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Something cool is going on at the Royal Albert Hall

Before the Gϋntner units were installed, in time for the 2014 Proms season, there was an existing 250kW condenser- less chiller coupled with 4 x 80kW duty standby temporary chillers that served the building. Delivery of design conditions into the Hall was restricted by the undersized primary plant so plans were put in place to open up plant areas and, with Gϋntner’s adiabatic package, the Hall is now served by 800kW of primary plant ensuring that the design conditions are achieved.

Prior to 2014, the million-plus people who visited the Hall for concerts and other events annually sometimes faced overheated conditions out of keeping with the majesty of the surroundings. That has been improved since the Gϋntner system became operational. Consisting of a total of six S-GFV adiabatic coolers, a UV water treatment system and associated controls, the system cools the condensing water of the chillers which in turn cool a large section of the building including the lower section of the auditorium and the stage, maintaining them at a comfortable temperature and, crucially, also providing a high degree of controllability.

Anti-Legionella and planning compliant

In order to avoid the risk of Legionella and other waterborne bacteria, the Gϋntner adiabatic cooling system has been designed to conform to the requirements of ACOP L8 Control of Legionella bacteria in water systems and incorporates a number of important safety features.

All the water used for the spray system is supplied via an Adiabatic Control Box (ACB). Any water in the supply pipe is set to drain for a fixed period prior to spraying, to eliminate the risk of stagnant water. A powerful Ultraviolet lamp doses all water passing through the spray system with intense UV radiation, which is lethal to pathogens.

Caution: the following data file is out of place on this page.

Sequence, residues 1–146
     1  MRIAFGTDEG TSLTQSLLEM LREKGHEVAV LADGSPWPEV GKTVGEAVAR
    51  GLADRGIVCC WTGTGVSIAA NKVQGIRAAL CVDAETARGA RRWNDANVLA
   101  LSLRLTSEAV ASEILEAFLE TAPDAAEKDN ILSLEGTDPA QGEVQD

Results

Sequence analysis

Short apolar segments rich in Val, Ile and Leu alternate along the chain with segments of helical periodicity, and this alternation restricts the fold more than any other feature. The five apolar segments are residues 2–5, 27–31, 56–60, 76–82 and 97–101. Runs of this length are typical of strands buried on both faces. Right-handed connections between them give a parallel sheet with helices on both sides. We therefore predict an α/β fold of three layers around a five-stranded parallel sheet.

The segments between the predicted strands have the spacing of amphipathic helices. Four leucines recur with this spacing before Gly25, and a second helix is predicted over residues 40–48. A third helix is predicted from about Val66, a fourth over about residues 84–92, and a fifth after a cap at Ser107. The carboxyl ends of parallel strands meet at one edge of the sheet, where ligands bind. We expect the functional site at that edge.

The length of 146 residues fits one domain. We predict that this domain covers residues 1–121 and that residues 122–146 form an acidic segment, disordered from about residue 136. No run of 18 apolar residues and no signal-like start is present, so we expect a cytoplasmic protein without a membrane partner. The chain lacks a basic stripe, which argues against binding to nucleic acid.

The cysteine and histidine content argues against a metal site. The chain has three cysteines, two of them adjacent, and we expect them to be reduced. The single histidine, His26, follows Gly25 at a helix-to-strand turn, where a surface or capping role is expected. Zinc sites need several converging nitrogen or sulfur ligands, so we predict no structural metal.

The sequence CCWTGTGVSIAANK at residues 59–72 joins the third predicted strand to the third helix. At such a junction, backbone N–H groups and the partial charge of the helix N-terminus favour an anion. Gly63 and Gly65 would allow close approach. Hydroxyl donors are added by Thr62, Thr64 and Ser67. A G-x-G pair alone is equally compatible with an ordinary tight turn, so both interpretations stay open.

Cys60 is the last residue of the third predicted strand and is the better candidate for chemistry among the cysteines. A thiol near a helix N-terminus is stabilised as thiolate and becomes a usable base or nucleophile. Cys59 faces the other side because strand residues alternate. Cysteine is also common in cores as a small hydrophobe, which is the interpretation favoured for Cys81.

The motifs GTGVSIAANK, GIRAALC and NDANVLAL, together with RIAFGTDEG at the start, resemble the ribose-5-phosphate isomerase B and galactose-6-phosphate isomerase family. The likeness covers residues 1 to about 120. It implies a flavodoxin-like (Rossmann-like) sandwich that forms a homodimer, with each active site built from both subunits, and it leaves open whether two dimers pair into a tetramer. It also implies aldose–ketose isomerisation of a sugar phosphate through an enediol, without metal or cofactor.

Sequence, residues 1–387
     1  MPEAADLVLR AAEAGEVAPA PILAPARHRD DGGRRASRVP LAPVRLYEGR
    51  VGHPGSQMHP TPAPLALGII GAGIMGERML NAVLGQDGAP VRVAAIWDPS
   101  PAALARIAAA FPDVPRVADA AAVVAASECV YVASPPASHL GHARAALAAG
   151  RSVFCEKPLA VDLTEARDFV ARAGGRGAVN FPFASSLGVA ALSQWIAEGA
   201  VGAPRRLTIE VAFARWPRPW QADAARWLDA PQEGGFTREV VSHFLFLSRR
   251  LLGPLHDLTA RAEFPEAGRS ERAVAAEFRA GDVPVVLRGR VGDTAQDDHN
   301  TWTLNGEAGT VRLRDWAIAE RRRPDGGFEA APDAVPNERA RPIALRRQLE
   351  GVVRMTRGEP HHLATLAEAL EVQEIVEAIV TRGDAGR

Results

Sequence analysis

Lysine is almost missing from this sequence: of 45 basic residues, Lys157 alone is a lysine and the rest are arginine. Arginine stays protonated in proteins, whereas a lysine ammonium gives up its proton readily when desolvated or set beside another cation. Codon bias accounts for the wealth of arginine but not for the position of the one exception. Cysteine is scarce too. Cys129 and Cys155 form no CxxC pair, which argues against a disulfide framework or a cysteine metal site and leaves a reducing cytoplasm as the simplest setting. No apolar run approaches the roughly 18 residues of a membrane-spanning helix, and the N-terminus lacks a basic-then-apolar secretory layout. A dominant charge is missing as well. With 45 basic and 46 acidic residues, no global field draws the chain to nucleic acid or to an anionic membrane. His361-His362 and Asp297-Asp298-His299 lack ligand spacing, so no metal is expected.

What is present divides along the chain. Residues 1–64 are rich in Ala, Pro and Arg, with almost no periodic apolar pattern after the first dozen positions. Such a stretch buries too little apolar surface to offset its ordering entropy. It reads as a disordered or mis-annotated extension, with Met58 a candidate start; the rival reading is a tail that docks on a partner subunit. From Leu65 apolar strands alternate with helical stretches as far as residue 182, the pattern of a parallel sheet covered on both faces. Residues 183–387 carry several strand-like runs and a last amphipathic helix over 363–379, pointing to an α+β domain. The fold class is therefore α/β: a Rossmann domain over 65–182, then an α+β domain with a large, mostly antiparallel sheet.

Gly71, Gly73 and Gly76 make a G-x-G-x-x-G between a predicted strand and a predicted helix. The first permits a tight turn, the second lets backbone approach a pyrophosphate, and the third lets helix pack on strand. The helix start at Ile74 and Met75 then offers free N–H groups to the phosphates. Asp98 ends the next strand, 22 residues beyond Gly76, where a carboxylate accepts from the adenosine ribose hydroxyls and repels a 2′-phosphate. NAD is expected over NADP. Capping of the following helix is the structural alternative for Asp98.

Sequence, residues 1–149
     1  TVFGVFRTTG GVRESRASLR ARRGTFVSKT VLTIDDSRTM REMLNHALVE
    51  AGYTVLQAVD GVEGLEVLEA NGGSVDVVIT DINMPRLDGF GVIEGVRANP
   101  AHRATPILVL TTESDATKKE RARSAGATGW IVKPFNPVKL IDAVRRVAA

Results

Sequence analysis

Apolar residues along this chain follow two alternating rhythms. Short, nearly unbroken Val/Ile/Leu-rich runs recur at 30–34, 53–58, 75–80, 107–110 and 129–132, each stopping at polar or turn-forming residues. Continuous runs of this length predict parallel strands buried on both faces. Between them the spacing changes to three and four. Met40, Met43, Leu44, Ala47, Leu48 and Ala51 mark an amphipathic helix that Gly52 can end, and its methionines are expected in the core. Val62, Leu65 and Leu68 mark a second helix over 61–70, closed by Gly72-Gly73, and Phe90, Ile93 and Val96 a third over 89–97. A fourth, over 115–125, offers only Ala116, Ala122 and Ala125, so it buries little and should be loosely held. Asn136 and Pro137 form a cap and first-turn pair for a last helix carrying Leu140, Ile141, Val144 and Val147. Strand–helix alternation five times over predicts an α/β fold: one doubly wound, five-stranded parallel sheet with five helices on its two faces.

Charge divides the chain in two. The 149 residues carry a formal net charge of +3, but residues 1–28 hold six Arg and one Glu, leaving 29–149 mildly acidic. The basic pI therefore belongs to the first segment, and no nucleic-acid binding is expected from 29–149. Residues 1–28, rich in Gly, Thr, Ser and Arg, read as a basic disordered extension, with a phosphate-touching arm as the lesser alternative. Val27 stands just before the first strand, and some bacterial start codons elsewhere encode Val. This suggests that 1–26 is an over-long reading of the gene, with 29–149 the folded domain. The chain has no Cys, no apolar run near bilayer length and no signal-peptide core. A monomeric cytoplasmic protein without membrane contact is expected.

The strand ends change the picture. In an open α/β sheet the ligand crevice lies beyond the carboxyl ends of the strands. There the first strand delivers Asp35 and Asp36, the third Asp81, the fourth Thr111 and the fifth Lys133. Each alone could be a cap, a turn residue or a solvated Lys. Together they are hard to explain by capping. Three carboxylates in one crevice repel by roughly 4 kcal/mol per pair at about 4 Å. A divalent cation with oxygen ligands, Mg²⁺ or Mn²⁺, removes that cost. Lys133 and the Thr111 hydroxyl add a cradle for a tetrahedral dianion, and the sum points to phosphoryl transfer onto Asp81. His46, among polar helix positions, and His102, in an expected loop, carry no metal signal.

When the system calls for adiabatic cooling, the UV lamp is energised and the main solenoid activated. Water is flushed through the system and out to drain to remove any residual water that may have been left in the system. After a pre-determined interval, the drain valve closes and the booster pump starts to increase the pressure and atomise the water leaving the spray nozzles. Should the system develop a fault, such as UV lamp failure, the system automatically shuts down and a fault signal is generated.

Grade I listed 

Apart from the efficiency, functionality and safety of the system, one of its principal benefits was the flexibility provided by its modular design which became particularly important when the installation was being planned. Not only is the Royal Albert Hall a notable Victorian building, it is also Grade I listed, which means that any changes – internal or external – are strictly regulated.

The Gϋntner equipment had to be installed in such a way that visual and noise intrusion were kept to a minimum. Not only did the installation have to be achieved in a very tight time frame in order to fit in with major events but the impact on residents living in close proximity to the Hall also had to be taken into account. In the event, after careful planning and consultation with major bodies such as English Heritage, the kit was accommodated into a tight space close to the Hall’s Queen Elizabeth II Diamond Jubilee Steps, with minimum disruption to the show schedule or local residents.

The system has now been in operation for more than a year and according to Peter Barnes, the Hall’s Building Services Manager, is performing perfectly. “We are delighted with the effects of the Gϋntner system, which has helped us to keep our iconic building at a comfortable temperature during the hottest months of the year, so audiences can forget about the weather and enjoy an unrivalled programme of events.”

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